Let's talk about the good things 2020 gave us.
I hate to be the parrot in the room, but 2020 could be classified as a wild year for everyone.
If you told me this time last year that we were about to experience a global pandemic that would plague our lives for almost the entire year, I'm not sure I would have believed you.
With a pandemic comes pandemonium – in our personal lives, social lives, and the greater world landscape.
In an attempt to see the silver lining in every cloud, I've rounded up some of the positive things to come from 2020 to spread a bit of optimism as we begin 2021.
President-elect Joe Biden winning the election
The election this year and a potential Biden win felt much more pivotal than other election years. The Trump administration not only made a huge impact on the USA but around the world too.
It is difficult to deny the global rise of far-right nationalism that has provided undeserved platforms to those who spew discriminatory, dangerous, and outright false rhetoric. Trump and his supporters not only fuelled the flames of this but arguably reignited these harmful movements and attitudes altogether since he assumed the presidency in 2016.
We have seen marginalised groups and minorities bear the brunt of this even more than they previously did. They have and continue to suffer as a result of the words and actions of the leader of one of the world's biggest superpowers.
So much was riding on this election. The prospect of a Joe Biden presidency gave hope to those in the US who wanted to live in a more tolerant, forward-thinking, and accepting country that they could be proud of.
For the rest of us around the world, a win for Joe Biden signified pushback and resistance against the rise in far-right ideologies, corruption, and immoral behaviour that has the potential to damage us beyond repair.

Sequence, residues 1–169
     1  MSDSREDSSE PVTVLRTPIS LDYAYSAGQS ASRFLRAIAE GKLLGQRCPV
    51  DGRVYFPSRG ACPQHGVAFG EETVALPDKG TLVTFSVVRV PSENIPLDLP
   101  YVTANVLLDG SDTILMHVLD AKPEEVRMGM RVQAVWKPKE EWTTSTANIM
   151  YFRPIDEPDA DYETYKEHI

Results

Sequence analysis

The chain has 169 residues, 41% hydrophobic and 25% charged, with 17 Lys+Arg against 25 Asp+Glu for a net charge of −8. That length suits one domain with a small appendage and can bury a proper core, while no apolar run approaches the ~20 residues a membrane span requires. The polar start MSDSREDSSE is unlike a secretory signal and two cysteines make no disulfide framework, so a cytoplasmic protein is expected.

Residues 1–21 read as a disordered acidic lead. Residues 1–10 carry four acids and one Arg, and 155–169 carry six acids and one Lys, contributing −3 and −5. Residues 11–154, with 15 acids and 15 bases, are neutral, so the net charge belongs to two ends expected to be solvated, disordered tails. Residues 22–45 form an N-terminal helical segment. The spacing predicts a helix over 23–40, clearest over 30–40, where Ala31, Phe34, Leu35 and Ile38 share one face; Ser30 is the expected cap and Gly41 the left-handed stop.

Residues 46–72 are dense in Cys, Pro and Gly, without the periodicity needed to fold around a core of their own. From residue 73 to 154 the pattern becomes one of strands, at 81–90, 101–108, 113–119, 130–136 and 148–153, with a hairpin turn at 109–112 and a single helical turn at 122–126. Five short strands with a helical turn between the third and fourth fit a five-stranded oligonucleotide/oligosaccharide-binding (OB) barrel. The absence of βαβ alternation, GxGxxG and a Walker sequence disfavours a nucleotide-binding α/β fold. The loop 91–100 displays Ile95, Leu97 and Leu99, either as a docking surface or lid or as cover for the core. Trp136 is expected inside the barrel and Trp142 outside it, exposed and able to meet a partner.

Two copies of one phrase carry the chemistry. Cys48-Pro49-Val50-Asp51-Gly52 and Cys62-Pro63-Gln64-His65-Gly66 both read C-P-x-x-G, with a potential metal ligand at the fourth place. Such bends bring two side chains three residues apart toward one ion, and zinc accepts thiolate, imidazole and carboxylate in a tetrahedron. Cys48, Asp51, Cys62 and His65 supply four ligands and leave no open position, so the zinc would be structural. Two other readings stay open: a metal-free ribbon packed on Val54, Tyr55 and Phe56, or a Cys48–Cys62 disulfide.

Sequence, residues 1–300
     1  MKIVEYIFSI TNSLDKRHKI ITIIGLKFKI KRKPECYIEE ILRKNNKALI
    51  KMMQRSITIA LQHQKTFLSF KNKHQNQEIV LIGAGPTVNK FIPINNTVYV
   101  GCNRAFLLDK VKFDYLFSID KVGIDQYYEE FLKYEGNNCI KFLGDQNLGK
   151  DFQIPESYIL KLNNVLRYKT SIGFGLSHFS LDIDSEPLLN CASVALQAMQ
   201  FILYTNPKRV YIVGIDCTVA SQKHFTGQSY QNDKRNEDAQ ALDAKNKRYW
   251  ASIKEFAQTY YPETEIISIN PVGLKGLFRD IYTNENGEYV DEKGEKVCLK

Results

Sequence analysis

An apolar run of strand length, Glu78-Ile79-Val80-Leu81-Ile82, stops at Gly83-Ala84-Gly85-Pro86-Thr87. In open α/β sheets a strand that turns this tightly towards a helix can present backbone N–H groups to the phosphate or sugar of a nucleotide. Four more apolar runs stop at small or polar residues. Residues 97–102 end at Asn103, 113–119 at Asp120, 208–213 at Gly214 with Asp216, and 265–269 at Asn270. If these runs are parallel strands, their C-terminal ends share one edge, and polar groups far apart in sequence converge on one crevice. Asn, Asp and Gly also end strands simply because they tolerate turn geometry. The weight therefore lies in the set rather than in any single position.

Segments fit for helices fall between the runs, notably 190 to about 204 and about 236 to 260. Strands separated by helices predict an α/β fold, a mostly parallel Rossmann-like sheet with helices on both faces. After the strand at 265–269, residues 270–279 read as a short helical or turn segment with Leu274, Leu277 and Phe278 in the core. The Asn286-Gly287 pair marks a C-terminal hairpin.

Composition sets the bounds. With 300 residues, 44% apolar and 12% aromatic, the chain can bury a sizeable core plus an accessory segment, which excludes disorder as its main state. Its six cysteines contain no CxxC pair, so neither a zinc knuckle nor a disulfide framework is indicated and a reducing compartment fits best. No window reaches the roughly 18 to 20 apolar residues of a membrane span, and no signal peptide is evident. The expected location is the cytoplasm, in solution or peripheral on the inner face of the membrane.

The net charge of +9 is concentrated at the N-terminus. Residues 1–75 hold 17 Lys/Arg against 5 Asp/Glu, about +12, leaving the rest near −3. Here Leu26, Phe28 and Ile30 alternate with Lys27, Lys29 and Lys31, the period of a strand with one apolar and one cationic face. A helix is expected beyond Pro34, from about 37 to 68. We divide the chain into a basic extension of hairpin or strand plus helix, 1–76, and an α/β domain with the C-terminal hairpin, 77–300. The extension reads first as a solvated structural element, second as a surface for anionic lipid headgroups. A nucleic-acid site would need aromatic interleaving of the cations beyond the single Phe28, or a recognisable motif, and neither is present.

Biden's win proved that the people didn't want to live in a world like that, and it was incredible to see the election unfold how it did.
Vaccine approvals and developments
News of the Pfizer/BioNTech, Moderna, and Oxford/AstraZeneca vaccines having so much success in their trials was welcomed by many.
So when the Pfizer/BioNTech was officially approved in the UK, it brought with it even more optimism and was a moment where we could collectively see the light at the end of what seemed a never-ending tunnel. It signified a conclusion to what has been an awful year for so many of us.
The achievements of the medical professionals who have worked tirelessly to bring us a vaccine with such an impressive success rate should truly be admired by us all.
However, it cannot be ignored that not everyone feels the same way I do. What hasn't been positive is the pushback on what is a monumental moment for science and humanity.
The scepticism surrounding what seems like a speedy, out-of-nowhere vaccine is understandable. Still, there is an abundance of accessible information from professional, credible, and reliable sources that have debunked common misconceptions about the vaccine.
I'm not sure I want to dignify the concerning amount of people claiming the vaccine is a way to insert a microchip to track us, control the population, or control our minds.
Marcus Rashford's activism